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First Name: Frederick C Last Name: LYNN
Date of Death: 24/10/1914 Lived/Born In: Leyton
Rank: Private Unit: Royal Scots Fusiliers2
Memorial Site:

Current Information:


35, Shortlands Road, Leyton


Kemmel No1 French Cemetery

First Battle of Ypres

Between 21st October and 22nd November, 1914 a desperate fight took place around the Belgium city of Ypres, the first of three major battles that were to be fought there during the course of the war. British troops entered Ypres in October. The 1st and 2nd Divisions plus the 3rd Cavalry Division had made their way up from the Aisne as part of the “Race to the Sea”, whilst the 7th Division came west to Ypres after Antwerp had fallen. The Germans knew that Ypres was the gateway to the Channel ports and that these were vital to Britain’s war effort so they poured reinforcements into the area. The fighting fell into three distinct battles; the Battle of Langemarck, 21-24 October, the Battle of Gheluvelt, 29-31 October and the Battle of Nonne Bosschen, 11 November. Ypres did not fall to the Germans but its defence during these two months resulted in the destruction of much of the old regular British Army.

From 21st October to 24th October 7th Division, in their position east of Ypres were repeatedly attacked by the numerically superior Germans, whilst 1st and 2nd Divisions were similarly assaulted to the north-east of Ypres around Langemarck. This was the old regular British army at its fighting best and the German offensive failed to break through, but the cost was high.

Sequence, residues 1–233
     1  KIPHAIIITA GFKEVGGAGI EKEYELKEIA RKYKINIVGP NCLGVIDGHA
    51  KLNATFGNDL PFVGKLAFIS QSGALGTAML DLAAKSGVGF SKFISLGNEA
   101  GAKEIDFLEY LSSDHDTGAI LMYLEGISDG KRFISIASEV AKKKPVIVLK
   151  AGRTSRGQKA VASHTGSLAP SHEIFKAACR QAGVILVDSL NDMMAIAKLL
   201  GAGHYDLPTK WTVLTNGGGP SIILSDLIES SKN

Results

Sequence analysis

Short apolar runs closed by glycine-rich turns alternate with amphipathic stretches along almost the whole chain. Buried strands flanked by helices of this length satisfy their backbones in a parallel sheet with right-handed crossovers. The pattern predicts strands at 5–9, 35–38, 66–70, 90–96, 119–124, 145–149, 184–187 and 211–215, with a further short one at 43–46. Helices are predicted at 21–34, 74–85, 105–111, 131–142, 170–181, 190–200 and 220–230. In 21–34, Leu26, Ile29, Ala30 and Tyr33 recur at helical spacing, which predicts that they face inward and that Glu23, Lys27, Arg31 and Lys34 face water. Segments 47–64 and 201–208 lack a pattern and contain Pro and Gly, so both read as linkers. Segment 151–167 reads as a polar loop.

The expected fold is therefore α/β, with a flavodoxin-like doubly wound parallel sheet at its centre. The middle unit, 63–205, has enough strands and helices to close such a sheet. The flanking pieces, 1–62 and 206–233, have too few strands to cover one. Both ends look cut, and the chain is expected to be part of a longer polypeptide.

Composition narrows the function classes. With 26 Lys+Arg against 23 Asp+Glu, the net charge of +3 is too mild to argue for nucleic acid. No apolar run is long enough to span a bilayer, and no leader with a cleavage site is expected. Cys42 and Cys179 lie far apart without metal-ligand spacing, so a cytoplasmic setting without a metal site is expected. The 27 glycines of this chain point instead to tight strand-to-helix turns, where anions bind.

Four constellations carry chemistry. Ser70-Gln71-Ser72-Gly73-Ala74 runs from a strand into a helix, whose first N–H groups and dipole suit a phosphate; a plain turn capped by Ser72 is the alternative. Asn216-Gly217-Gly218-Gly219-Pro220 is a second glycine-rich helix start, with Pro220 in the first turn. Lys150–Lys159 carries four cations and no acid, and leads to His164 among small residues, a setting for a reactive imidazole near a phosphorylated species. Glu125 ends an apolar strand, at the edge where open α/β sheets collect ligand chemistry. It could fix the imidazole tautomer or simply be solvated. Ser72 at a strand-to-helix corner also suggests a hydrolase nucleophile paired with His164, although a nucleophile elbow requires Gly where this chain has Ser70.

On 24th October, 7th Division held an area of the Ypres Salient which included the  Reutel Spur running  parallel to Polygon Wood. Overnight they had been kept on the alert, mainly by enemy rifle fire, as the Germans attempted, mostly unsuccessfully, to establish snipers and machine guns near the British line.  A party of 40 Germans who penetrated the line were captured by 2nd Royal Scots Fusiliers, 21 Brigade. 2nd Wiltshire held the Reutel spur with one company of 2nd Royal Scots Fusiliers  200 yards to their right and two companies of 2nd Scots Guards on their other flank, both of whom were forced back in the early morning leaving 2nd Wiltshire isolated  The rest of 21 Brigade, clung to their positions despite heavy German fire.  Elements of 2nd Royal Scots Fusiliers, to the left by 2nd Wiltshire, were particularly hard pressed. By now 7th Division were showing the strain. The incessant fighting of 22nd to 24th October had cost them nearly 3000 casualties.

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